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Publication numberUS7593706 B2
Publication typeGrant
Application numberUS 11/313,571
Publication dateSep 22, 2009
Filing dateDec 21, 2005
Priority dateDec 21, 2005
Fee statusPaid
Also published asUS20070142013
Publication number11313571, 313571, US 7593706 B2, US 7593706B2, US-B2-7593706, US7593706 B2, US7593706B2
InventorsBrian E. Bucknor, Humberto E. Garcia, Roberto Gautier
Original AssigneeMotorola, Inc.
Export CitationBiBTeX, EndNote, RefMan
External Links: USPTO, USPTO Assignment, Espacenet
Dynamic pre-selector for a GPS receiver
US 7593706 B2
Abstract
A GPS receiver circuit (300) for reducing insertion loss. The receiver circuit (300) includes a switch (304) for diverting input signals between a filtered pathway (312) and a short circuit pathway (310) to an amplifier (314). The amplifier (314) output feeds an automatic gain controller (316) that senses a noise level in the output of the amplifier (314) and adjusts a gain of the amplifier (314) in response to the noise level. The receiver circuit (300) also includes a threshold detector (306) with an input coupled to the output of the automatic gain controller (316) and an output coupled to the switch (304) for selecting between the filtered pathway (312) and the short circuit pathway (310), thereby removing the filter (312) from the signal path if not needed.
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Claims(20)
1. An electrical circuit arrangement for reducing insertion loss in a GPS receiver, the circuit arrangement comprising:
a first switch for diverting signals to one of at least a first pathway and a second pathway, each signal having a frequency;
a filter in the first pathway, the filter for attenuating signals having a certain frequency;
an amplifier coupled to the first pathway downstream from the filter and coupled to the second pathway;
an automatic gain controller with an input coupled to an output of the amplifier and an output coupled to a gain adjustment of the amplifier, the automatic gain controller for sensing a noise level in the output of the amplifier and adjusting a gain of the amplifier in response to the noise level; and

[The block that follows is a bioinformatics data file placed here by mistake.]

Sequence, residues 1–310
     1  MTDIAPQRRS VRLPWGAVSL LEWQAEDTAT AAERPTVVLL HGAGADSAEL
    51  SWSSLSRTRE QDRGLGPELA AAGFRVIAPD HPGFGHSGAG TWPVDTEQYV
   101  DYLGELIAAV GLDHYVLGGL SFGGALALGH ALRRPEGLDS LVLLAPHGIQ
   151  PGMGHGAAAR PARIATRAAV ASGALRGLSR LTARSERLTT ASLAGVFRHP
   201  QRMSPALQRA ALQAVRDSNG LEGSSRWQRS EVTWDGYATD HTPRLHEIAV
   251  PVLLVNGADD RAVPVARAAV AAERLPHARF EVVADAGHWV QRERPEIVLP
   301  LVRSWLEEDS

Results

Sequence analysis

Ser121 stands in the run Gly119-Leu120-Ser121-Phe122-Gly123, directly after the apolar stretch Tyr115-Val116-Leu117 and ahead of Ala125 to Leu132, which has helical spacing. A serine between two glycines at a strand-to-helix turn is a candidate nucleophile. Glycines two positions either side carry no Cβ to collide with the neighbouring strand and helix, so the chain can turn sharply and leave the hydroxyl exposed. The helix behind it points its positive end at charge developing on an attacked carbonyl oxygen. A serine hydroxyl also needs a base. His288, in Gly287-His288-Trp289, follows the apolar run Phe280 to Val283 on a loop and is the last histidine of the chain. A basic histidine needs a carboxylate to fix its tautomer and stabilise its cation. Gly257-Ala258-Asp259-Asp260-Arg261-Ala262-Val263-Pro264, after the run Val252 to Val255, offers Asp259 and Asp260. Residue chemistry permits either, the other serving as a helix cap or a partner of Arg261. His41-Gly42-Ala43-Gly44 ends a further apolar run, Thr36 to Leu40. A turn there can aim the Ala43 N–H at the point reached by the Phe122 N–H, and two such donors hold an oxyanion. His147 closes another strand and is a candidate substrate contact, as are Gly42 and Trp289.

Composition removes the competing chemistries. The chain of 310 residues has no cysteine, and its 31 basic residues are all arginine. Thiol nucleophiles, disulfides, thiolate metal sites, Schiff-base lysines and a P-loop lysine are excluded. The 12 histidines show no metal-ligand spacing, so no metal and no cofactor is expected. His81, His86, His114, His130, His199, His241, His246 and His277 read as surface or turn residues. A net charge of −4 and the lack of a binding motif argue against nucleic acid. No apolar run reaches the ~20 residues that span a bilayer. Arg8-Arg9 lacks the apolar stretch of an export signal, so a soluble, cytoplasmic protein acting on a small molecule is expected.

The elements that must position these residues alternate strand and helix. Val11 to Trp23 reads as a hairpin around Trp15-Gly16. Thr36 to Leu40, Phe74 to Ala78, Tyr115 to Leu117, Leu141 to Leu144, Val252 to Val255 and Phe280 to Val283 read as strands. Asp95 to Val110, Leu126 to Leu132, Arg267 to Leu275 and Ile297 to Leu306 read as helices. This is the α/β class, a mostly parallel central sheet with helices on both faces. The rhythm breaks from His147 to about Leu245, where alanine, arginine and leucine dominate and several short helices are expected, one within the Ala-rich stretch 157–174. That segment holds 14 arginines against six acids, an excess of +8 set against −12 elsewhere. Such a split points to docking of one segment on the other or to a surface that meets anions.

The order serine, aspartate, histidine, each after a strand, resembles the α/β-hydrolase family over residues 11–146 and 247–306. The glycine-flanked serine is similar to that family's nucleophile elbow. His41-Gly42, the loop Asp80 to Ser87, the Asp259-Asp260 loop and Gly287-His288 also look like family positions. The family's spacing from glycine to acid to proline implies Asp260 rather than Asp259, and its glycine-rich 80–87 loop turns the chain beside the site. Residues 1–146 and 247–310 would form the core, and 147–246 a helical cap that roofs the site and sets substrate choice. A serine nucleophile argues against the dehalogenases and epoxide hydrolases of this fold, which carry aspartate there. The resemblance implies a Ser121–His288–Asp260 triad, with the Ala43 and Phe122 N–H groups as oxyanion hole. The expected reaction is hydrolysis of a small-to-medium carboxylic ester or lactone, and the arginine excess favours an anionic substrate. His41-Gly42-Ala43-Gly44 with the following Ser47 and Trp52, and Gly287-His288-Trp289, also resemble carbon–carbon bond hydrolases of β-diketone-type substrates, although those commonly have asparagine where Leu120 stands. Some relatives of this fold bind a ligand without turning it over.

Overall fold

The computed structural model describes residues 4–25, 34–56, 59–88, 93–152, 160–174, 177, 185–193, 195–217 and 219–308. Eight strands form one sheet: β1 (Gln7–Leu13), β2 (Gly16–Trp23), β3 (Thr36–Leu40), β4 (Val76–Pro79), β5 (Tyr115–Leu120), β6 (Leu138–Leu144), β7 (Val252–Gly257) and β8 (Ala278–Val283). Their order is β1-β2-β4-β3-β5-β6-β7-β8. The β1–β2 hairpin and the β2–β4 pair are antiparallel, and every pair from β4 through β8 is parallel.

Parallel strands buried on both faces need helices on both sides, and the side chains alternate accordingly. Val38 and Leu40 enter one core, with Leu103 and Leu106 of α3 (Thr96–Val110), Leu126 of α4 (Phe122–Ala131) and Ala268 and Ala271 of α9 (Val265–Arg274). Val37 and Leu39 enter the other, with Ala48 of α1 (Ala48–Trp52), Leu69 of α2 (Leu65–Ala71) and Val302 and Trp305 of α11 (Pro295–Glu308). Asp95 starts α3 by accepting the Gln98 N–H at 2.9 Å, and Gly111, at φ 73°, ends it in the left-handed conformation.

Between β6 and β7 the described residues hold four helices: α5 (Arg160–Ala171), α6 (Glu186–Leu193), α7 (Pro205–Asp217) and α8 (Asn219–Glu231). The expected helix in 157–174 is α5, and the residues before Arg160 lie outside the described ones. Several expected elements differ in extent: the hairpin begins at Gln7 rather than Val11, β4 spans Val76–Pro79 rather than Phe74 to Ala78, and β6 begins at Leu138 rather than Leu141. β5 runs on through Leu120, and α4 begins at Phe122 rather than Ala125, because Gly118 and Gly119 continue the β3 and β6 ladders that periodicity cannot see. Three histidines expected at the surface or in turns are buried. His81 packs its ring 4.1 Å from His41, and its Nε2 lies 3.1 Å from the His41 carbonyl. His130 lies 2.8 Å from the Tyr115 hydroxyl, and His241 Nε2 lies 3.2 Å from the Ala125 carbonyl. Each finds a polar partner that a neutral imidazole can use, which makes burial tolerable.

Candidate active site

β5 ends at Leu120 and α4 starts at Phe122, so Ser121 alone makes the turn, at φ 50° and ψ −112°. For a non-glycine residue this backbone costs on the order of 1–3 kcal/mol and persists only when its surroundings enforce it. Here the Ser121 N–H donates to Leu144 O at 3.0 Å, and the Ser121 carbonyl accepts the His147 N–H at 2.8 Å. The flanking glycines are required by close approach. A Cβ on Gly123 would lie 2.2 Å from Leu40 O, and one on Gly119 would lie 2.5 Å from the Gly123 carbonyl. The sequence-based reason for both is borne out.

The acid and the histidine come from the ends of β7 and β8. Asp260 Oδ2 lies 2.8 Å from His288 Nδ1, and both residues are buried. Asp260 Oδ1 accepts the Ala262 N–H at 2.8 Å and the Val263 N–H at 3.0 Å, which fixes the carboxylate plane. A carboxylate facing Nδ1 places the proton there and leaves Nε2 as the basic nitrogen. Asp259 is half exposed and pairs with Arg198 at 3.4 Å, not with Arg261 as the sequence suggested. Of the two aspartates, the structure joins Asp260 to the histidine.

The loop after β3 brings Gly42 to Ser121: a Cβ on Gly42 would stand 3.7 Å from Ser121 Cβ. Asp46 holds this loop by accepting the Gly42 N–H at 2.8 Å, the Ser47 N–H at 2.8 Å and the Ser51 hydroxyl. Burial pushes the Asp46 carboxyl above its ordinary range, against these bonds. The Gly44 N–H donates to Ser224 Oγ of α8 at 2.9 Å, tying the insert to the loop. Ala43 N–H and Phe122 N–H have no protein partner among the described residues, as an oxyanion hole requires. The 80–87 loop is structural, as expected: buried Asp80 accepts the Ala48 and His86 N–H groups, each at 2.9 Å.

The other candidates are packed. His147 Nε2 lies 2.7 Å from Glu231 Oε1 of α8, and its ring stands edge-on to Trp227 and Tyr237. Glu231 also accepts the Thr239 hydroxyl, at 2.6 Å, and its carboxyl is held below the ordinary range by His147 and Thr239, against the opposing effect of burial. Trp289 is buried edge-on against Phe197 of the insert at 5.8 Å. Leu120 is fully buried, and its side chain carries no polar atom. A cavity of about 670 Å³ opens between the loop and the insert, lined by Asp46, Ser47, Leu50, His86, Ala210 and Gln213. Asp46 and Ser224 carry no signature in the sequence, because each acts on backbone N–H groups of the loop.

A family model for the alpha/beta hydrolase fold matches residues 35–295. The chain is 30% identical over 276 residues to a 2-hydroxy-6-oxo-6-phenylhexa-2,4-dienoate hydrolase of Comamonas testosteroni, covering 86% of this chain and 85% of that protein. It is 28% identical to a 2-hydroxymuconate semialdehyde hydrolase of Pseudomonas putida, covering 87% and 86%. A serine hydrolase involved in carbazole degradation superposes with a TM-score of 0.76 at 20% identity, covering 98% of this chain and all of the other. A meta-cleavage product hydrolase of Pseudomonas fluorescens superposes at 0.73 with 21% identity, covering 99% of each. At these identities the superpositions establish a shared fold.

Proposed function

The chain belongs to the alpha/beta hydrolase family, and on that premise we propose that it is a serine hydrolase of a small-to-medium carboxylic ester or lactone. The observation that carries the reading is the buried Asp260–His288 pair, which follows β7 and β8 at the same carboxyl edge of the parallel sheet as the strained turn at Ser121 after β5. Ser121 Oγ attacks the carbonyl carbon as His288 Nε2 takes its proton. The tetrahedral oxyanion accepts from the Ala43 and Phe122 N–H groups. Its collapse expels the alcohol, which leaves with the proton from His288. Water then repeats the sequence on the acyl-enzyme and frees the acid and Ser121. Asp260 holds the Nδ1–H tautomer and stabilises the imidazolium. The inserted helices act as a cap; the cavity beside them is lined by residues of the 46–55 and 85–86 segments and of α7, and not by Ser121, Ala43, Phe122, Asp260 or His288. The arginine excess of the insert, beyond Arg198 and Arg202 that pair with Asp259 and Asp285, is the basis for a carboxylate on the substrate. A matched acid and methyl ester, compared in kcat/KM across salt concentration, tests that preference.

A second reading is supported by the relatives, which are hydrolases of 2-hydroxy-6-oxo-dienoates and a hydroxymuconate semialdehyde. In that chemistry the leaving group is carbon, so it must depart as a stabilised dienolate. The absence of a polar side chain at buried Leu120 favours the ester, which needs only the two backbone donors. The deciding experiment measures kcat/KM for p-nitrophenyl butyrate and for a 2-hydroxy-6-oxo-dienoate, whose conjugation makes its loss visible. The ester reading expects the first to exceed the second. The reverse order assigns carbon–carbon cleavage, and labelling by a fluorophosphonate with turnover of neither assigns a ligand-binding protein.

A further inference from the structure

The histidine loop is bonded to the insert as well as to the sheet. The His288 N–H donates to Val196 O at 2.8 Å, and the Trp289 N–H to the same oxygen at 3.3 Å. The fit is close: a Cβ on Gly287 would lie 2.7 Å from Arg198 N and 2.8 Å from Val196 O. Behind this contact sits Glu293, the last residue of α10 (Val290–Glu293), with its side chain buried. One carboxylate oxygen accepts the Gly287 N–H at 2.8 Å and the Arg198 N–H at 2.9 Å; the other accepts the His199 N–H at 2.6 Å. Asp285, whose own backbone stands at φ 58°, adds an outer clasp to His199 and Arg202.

a threshold detector with an input coupled to the output of the automatic gain controller and an output coupled to the first switch for causing the first switch to select at least one of the first pathway and the second pathway.
2. The electrical circuit arrangement according to claim 1, further comprising:
a second switch coupled to an output of the filter and the second pathway and controlled by the output of the threshold detector, the second switch for diverting signals from at least one of the first pathway and the second pathway to the amplifier.
3. The electrical circuit arrangement according to claim 1, wherein the second pathway has lower insertion losses than the first pathway.
4. The electrical circuit arrangement according to claim 1, wherein:
upon determining a high noise level at the output of the amplifier, the automatic gain controller causes the threshold detector to cause the first switch to divert the signals through the filter and upon determining a low noise level at the output of the amplifier, the automatic gain controller causes the threshold detector to cause the first switch to divert the signals through the second pathway.
5. The electrical circuit arrangement according to claim 1, further comprising:
a low-loss filter in the second pathway, the low-loss filter having a lower insertion loss than the filter.
6. The electrical circuit arrangement according to claim 1, wherein the filter attenuates frequencies below about 1574.4 MHz and above about 1576.4 MHz.
7. A method on a receiver for GPS signals, the method for reducing insertion loss in the receiver, the method comprising:
receiving a signal with a wireless receiver;
amplifying the signal;
determining a noise level on the signal; and
selecting a signal path to divert signals through one of a first pathway that includes a filter and a second pathway, the selection based on the noise level.
8. The method according to claim 7, wherein the determining is performed by an automatic gain controller.
9. The method according to claim 8, wherein the selecting is caused by an output signal of a threshold detector coupled to an output of the automatic gain controller.
10. The method according to claim 9, further comprising:
determining with the threshold detector whether the output of the automatic gain controller is above a predetermined voltage level.
11. The method according to claim 7, wherein the determining step comprises:
determining whether the noise level is above a predetermined noise level limit.
12. The method according to claim 7, wherein the second pathway includes a low-insertion-loss filter.
13. The method according to claim 7, further comprising:
after the selecting step:
determining a noise level on the signal; and
selecting either the first pathway that includes the filter or the second pathway, the selection based on the noise level.
14. The method according to claim 7, further comprising:
selecting the first pathway that includes the filter before performing the receiving step.
15. A computer readable medium for determining a signal path in a GPS receiver, the computer readable medium comprising:
a volatile or non-volatile storage medium readable by a processing circuit and storing instructions for execution by the processing circuit for performing a method comprising: